Wednesday, February 25, 2015

Why Christian Men Should Read Manvotionals from The Art of Manliness

I recently finsihed the book Manvotionals: Timelss Wisdom and Advice on Living the 7 Manly Virtues.  The book is edited by Brett and Kate McKay, the husband and wife team who head the Art of Manliness website, and is a collection of writings from history on seven virtues (Manliness, Courage, Industry, Resolution, Self-Reliance, Discipline, and Honor) all men should aspire to emulate.  Although the book is not specifically Christian and thus does not advocate a specifically Christian form of masculinity, I heartily recommend it for all Christian men. Here are four reasons why:

1. The book is interesting

With writings from the likes of Benjamin Franklin, Winston Churchhill, Theodore Roosevelt, and Seneca the Roman philosopher, the book will pique the interest of anyone remotely interested in history.  It will also expose you to writers and sources across centuries you may have never heard of before.

2. The authors (both the McKays and the writers they chose to include in the book) understand that there exists a difference between men and women

In our age, when gender issues are controversial and much confusion abounds surrounding men and women, this paragraph from the introduction to the book is like a cold drink of water on a hot day:

Women and men strive for the same virtues, but often attain them and express them in different ways. The virtues will be lived and manifested differently in the lives of sisters, mothers, and wives than in brothers, husbands, and fathers.  Two different musical instruments, playing the exact same notes, will produce two different sounds (pg. 3)  

This understanding of manhood and womanhood is already closer to the biblical definition than many contemporary "Christian" definitions.

3. Even non-believers can know and recognize true virtue

In Romans 2:14-15, Paul says, "For when Gentiles, who do not have the law, by nature do what the law requires, they are a law to themselves, even though they do not have the law.  They show that the work of the law is written on their hearts."  God's law is written on the heart of every person, believer or not.  Thus, even men who do not acknowledge God have some understanding of what true masculinity entails, and we can benefit from and be encouraged by their insights.  

4. Manvotionals is a good antidote to the feminization of Christian men

Jayber Crow's observation about spiritual life in the small town of Port William is all too true- the world of Church is the world of women.  Douglas Wilson has said that the Church is on a search and destroy mission for any masculinity in Christianity, with a goal to turn believing men into "buttercups for Jesus."  This ought not be.   Manvotionals, far from encouraging the base masculinity so often encountered in contemporary culture, shows that men can and should still be men - bold, honest, hard-working, disciplined men who subdue the earth God has made.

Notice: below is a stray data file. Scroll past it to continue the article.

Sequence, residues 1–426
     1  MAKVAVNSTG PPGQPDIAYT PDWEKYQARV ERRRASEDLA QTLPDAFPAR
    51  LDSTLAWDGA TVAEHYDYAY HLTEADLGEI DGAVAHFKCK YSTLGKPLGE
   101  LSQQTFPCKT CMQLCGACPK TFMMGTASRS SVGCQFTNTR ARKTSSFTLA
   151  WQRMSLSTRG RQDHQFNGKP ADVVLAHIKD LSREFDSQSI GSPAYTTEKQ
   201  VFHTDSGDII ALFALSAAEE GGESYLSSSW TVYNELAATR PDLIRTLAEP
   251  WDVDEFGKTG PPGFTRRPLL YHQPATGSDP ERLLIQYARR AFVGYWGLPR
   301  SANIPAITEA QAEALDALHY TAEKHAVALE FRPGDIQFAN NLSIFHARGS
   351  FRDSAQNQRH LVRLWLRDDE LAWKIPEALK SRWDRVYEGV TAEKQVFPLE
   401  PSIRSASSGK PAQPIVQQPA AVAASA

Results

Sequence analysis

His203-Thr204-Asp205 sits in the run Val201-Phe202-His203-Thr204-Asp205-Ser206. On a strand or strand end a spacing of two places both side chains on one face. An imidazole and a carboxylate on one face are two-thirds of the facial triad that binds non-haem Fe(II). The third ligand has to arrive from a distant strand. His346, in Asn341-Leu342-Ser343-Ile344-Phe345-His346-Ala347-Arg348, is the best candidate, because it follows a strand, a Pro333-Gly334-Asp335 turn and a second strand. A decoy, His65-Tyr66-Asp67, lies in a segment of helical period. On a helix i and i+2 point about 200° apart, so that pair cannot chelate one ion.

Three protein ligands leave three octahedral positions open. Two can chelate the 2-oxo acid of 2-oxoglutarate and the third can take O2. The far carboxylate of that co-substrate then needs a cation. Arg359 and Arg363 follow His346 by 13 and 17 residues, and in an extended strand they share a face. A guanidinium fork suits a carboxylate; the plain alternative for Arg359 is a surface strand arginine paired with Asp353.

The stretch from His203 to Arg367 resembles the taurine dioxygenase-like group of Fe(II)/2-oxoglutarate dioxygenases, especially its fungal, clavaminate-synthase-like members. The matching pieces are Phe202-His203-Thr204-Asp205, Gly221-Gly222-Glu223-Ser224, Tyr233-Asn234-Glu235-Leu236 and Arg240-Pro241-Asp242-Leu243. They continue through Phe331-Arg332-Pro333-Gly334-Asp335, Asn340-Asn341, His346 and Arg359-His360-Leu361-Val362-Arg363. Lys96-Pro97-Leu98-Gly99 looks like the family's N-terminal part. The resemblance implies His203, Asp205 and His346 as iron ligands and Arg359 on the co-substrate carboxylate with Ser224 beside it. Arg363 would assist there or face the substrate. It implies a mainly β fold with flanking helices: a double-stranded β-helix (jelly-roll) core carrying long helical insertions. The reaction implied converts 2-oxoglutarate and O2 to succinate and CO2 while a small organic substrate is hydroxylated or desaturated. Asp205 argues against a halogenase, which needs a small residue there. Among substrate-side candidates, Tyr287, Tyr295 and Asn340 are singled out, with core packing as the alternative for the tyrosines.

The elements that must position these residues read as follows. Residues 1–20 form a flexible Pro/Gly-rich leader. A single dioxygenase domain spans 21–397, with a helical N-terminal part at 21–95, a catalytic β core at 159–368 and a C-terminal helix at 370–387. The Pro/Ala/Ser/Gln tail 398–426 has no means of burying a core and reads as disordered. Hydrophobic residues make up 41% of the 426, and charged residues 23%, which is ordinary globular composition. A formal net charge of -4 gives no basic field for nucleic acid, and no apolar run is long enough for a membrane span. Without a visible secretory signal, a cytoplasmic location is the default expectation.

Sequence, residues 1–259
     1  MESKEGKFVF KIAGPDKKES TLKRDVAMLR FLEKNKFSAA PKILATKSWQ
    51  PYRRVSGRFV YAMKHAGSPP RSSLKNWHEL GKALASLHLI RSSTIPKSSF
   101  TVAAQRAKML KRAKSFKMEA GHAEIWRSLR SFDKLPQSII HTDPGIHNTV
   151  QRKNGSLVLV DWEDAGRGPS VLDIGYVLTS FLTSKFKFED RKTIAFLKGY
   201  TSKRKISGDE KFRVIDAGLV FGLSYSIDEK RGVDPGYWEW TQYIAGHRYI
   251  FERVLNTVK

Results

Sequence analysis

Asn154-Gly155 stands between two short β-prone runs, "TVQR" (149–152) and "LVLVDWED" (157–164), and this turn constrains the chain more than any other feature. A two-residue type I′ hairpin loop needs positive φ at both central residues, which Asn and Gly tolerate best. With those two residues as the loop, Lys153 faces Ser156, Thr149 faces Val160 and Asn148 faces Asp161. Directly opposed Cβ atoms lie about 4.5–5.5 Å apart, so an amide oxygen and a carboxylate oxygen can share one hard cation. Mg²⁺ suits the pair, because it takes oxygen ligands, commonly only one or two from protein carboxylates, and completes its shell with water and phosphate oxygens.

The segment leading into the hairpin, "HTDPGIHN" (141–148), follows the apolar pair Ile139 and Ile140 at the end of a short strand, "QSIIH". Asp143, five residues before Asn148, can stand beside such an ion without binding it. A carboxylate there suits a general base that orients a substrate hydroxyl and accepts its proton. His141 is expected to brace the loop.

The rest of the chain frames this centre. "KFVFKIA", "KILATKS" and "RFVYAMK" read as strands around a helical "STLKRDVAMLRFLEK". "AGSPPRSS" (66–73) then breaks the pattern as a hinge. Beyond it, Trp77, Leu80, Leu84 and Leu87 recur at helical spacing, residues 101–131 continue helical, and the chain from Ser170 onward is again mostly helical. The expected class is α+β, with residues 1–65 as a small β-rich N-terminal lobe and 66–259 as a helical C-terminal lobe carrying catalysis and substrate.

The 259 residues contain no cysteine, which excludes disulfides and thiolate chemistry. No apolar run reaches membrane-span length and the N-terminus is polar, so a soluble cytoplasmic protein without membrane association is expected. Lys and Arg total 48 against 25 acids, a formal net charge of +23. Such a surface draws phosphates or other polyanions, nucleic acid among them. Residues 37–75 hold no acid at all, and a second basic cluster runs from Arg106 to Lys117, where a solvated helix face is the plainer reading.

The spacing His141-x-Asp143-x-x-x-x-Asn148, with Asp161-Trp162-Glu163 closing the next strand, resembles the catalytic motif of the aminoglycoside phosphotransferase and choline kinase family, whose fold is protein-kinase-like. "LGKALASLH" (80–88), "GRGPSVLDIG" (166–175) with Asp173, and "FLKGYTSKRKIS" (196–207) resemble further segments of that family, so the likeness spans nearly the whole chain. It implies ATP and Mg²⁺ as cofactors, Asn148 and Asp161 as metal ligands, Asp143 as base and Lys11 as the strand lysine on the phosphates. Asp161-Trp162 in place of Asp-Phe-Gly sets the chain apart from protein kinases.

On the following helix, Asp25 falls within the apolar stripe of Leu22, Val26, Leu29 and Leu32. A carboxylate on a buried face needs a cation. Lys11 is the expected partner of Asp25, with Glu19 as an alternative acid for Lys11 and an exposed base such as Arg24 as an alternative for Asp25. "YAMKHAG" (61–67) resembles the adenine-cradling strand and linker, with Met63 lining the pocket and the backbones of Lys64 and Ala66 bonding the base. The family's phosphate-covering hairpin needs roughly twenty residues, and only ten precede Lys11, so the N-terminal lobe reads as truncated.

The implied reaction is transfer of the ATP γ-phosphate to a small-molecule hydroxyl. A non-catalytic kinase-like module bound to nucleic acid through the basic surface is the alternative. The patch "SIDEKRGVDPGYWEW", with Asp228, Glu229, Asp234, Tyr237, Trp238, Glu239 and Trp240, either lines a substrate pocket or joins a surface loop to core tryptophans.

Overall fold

A Caution

Although the book is an interesting and edifying read, I give one caution for Christians.  As with any writing or teaching, the writings in the book must be filtered through a biblical understanding of the world.  The ways of God are not the ways of man, and the wisdom of God often conflicts with the wisdom of man.  Keep this in mind while reading Manvotionals.  For instance, there is a quote from Cicero in the book, "Honor is the reward of virtue" (pg. 251).  Is this true?  Ultimately, yes.  True virtue consists of loving God and loving others, and that virtue will be rewarded by Christ in the end.  However, in a fallen world, honor is not always the reward for virtue.  Jesus was the most virtuous person to have ever lived, and we all know how that turned out for him.  So, ultimately, filtered through a biblical understanding of the world, Cicero's statement is true, but that is not what Cicero meant when he made the statement.  Read the book with some discernment, and it will be not only an interesting and fun read, but also an edifying one.    

Monday, December 22, 2014

Review of God Rest Ye Merry by Douglas Wilson

"Socrates once famously said that the unexamined life is not worth living.  In a similar vein, the unexamined holiday is not worth celebrating."
-Wilson, God Rest Ye Merry, pg. 87

A couple years ago or so, I decided to tailor my readings around Christimas time to include actual Christmas related readings.  Once the Christmas season rolled around this year, I put all (well, most) of my other readings on hold to read only Christmas related books.  That being the case, I recently finished reading Douglas Wilson's God Rest Ye Merry.  The book proved a great read for the holiday season, helping shape my theological understanding of Christmas and aid in my battle for an accurate perception of the season.

The book is divided into five parts.  The first section of the book contains theological reflections on the great mystery of the Christmas story- the incarnation.  This sets the tone for the entire book.  Wilson's understanding of Christmas is Christ centered.  The second section of the book deals with the political nature of the birth of Christ and how Christmas is still a political matter.  If you know much about Wilson, you'll know it's not suprising that his Christmas book contains a section on politics.  Like it or not, the first Christmas had a lot of political elements- it involved a king, dignitaries from a foreign land, and the never ending government of the Lord of the earth.  After this, Wilson moves onto Christmas and the Puritan tradition.  This section essentially boils down to an argument for celebrating Christmas, and celebrating it in a joyful manner as opposed to a solemn one.  The fourth section of the book tackles the "materialism" issue in Christmas, which, according to Wilson, isn't really an issue.  Without ignoring that it is possible to be too attached to the things of this world, Wilson argues that God became a man, a part of this material world, and therefore we ought not shun our material world, even at Christmas.  The last section of the book is a devotional for the Advent season.   As I had already committed myself to other Advent devotionals this year, Wilson's devotional portion of the book will sit on my bookshelf until next year.